AusBiotech has joined a number of other leading Australian organisations in appearing before a public hearing of the Senate Inquiry into Australia's Innovation System.
Senior representatives of CSL, Deloitte and the University of Melbourne also fronted the inquiry that is considering Australia's current policy approach to promoting investment in innovative industries.
The groups were virtually united in their call for the Government to ensure the adoption and maintenance of policies that encouraged collaboration between industry and academia, and investment in an increasingly competitive global environment.
According to AusBiotech, Australia does an outstanding job of innovating, especially in the early research phase, only to leave a public policy gap that allows discoveries to leave the country before it is able to reap significant benefit.
"Australia already supports the R&D phase of innovation in company settings via the R&D Tax Incentive, but support phases out at the commercialisation point of innovation, at which time Australian IP is vulnerable to being sold, managed or manufactured overseas and the resulting community and economic benefits going with it," it said.
The organisation said the key gaps are the lack of venture capital support for commercialisation and the global competition in tax incentives.
AusBiotech advocates tax reform to widen the availability of investment incentives and consideration to the implementation of a UK-style 'patent box' under which companies commercialising locally developed intellectual property assets in Australia would benefit from a lower corporate tax rate.
It argues the introduction of these incentives would have no net cost to the Government because they would only apply to future investment that would otherwise not be conducted in Australia.
Australia's largest and only global biopharmaceutical company, CSL, told the hearing that Australia needs to take a holistic view to attracting investment, recognising the interdependence of the different components of the life sciences value chain.
In its pre-hearing submission, the company described Australia as a "relatively unattractive location for entrepreneurial manufacturing", highlighting its own experiences and observations as a global company.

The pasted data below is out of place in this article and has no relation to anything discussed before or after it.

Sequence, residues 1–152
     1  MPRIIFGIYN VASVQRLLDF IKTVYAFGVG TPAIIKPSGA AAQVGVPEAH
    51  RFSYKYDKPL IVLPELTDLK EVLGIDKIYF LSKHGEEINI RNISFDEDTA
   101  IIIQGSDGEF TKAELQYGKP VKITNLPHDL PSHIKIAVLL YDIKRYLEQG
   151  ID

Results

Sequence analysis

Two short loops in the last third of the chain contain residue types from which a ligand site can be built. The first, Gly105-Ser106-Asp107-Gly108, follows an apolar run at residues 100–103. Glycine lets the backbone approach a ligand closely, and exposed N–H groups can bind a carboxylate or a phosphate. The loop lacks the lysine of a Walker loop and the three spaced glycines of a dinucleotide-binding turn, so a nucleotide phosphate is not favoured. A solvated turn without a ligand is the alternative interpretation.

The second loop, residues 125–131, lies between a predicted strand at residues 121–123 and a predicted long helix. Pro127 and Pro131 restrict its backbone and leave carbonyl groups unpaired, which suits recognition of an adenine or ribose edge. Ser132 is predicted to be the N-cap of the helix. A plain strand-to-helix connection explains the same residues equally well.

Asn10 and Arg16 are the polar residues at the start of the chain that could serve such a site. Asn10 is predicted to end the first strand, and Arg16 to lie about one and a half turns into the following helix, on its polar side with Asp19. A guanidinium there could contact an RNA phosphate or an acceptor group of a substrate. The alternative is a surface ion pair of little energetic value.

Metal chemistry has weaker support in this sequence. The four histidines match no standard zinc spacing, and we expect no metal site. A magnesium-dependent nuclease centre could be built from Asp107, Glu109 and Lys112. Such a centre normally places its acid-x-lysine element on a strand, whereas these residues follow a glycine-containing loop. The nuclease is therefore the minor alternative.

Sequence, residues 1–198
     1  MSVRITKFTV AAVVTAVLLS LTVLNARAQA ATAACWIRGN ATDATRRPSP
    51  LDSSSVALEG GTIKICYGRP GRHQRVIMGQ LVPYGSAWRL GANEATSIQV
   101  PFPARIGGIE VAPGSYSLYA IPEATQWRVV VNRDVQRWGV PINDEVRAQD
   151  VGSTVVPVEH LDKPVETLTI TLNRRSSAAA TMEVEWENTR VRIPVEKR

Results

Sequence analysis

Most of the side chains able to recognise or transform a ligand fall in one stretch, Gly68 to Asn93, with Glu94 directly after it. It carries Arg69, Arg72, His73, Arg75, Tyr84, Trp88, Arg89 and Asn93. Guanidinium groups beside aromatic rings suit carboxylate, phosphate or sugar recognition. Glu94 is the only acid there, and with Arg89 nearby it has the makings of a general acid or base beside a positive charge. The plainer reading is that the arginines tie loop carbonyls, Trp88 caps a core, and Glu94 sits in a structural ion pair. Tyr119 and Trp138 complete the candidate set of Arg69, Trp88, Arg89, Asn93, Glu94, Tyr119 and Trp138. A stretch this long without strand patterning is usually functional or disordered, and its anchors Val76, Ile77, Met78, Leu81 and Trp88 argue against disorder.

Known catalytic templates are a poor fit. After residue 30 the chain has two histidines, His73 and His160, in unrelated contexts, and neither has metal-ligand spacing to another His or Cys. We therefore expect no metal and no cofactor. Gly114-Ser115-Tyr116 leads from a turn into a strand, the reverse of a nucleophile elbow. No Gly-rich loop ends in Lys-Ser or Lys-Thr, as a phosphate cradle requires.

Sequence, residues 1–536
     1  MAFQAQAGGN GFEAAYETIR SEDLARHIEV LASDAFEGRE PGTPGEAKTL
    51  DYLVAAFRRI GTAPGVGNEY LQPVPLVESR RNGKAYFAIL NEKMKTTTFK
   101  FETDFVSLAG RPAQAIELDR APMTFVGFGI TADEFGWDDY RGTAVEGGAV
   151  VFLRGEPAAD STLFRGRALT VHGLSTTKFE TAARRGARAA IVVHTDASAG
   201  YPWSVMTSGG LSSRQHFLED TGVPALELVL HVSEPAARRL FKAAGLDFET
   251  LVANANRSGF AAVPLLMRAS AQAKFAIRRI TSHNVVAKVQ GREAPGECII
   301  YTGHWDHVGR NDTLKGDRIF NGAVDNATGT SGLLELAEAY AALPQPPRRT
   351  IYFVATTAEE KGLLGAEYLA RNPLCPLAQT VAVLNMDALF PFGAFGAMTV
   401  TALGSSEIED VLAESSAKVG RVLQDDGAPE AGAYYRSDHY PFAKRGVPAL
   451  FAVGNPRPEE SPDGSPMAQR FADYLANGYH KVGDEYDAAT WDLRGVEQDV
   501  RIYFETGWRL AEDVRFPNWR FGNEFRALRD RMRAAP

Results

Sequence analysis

It said the principal reason for Australia's unattractiveness is its uncompetitive corporate tax system, which is "exacerbated" by declining access to some important specialised skills, high overall labour costs, location, terms of trade and the complexities of dealing with Australia’s system of government and regulation.
It backed AusBiotech in its call for wider application of direct Government support for investment and the adoption of a 'patent box' system.
Deloitte's Sergio Duchini, who is also a Board member of AusBiotech, told the hearing that direct taxation policies supporting innovation and research are, among others, "critically important and pervasive tools for a government to use to endorse and promote innovation in Australia."
"Developing and supporting a culture of innovation requires viewing innovation as an 'eco-system', an interconnected and co-dependent network of public and private sector institutions, academics, researchers, entrepreneurs, financiers and investors…and it is global," he said.
Deloitte recommended a series of changes to address the current “opportunity gap” in Australia's innovation “eco-system”, particularly focussed on direct support and incentives to attract advanced manufacturing.
During its presentation, the University of Melbourne focussed on current deficiencies in translational research, telling the hearing the Government should support greater collaboration between industry and academia.
"In particular, models should be explored that centre on existing geographic concentrations of expertise, including the co-location of industry and academic partners, and on new programs to provide targeted support to further develop research infrastructure for these precincts," it said.
"In keeping with this, Government should consider the introduction of incentives to improve the transfer of skills and knowledge between industry and academia, by creating a new program that supports academic-industry secondments and leverages the emergence of such precincts."
The University also recommended staff exchanges between academia and industry.
"This includes student internships and researcher placements in industry, as well as industry placements in academia," it said.
The final report of the inquiry is due in October 2015.